Music and set-design play major roles in Lexicon. Strikingly, the performance is led by a live ensemble whom recite spoken word and poetry, sing folk songs and rhythmically accompany acts with a transient presence – we are enraptured by the seamless melody, often forgetful of their live delivery. As well as harkening back to the Victorian circus's live band, the musicians enforce the show's authenticity: those involved are ordinary people who, collaboratively, bring a sense of magic and timelessness to a contemporary audience. Lighting, props and rigging are also carefully sequenced to provide an innovative transition between individual acts.
Wholesome, hopeful and mischievous, Lexicon excels in its ability to converge NoFit State's style of misbehaving with longstanding circus traditions. It kicks with a vivacious playfulness and conjures historical references while dispelling hierarchies – an ethos that runs throughout the company. Performers balance upside down and subsequently begin playing an instrument or climb the rigging to counterweight fellow cast members's aerial feats – it's an energising joy to experience such a collaborative production in the flesh.
With tinges of Victorian costume throughout – male acrobats wear suspenders and women adorn bloomers – the audience is drawn back to a bygone Britain when the modern circus was first founded. Simultaneously, the spectator is thrown into new, frightening territories: as visitors to this timeless realm, we are enamoured by the portrayal of universal human emotions and moved by a multi-lingual performance – a poignant reminder that the circus is not one country but many; its company not one, but many individuals.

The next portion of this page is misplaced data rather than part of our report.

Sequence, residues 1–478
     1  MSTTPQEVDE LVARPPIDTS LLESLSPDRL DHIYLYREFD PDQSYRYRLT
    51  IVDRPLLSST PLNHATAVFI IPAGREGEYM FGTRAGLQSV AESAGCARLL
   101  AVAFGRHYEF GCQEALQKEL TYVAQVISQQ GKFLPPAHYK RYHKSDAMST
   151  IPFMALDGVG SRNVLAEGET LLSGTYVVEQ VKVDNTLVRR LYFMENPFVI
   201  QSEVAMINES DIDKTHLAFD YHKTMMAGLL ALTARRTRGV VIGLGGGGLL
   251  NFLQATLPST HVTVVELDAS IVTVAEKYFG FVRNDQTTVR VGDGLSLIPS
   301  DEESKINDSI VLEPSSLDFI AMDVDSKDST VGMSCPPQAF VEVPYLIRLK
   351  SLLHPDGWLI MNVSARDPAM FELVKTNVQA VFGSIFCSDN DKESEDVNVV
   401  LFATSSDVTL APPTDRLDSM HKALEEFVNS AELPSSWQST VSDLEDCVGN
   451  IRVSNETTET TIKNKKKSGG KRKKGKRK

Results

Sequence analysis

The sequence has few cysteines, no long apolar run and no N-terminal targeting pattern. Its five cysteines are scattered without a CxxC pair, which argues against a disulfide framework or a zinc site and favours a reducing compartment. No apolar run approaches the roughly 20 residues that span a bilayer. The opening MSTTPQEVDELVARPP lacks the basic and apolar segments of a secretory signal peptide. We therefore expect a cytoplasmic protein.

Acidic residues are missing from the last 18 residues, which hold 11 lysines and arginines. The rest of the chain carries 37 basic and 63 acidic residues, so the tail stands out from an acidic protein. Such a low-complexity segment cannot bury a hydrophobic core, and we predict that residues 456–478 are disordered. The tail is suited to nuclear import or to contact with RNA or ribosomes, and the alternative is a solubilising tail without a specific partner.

NoFit State, Lexicon: until 21 April, Newcastle-under-Lyme, 26 May-9 June, Cardiff Bay.
Read my interview with artistic director, Tom Rack, on The Double Negative.
This March, I headed to Keele University for the Hayward Touring Exhibition, Claude Cahun, Beneath This Mask. Having previously engaged with Cahun's work during my undergraduate studies through books and a survey show at Jeu de Paume back in 2011, it was a welcome experience to reacquaint myself with her practice. Amongst a multitude of her iconic, elusive self-portraits - the likes of which are today recognised as a forerunner to queer theory and feminist art - I found myself reflecting on a series of connections with the natural world that I had not encountered before.
Achieving posthumous fame, Cahun is well-recognised for her malleable depiction of multiple identities and personae. This touring exhibition - comprised of 42 giclee prints - is a reminder of how relevant her imagery remains in the present moment. She subverts modes of traditional portraiture and reconstructs our perception of gender and identity - its still remarkable to think that Cahun was reflecting upon many of today's LGBTQI+ dialogues back in the early-mid 20th century.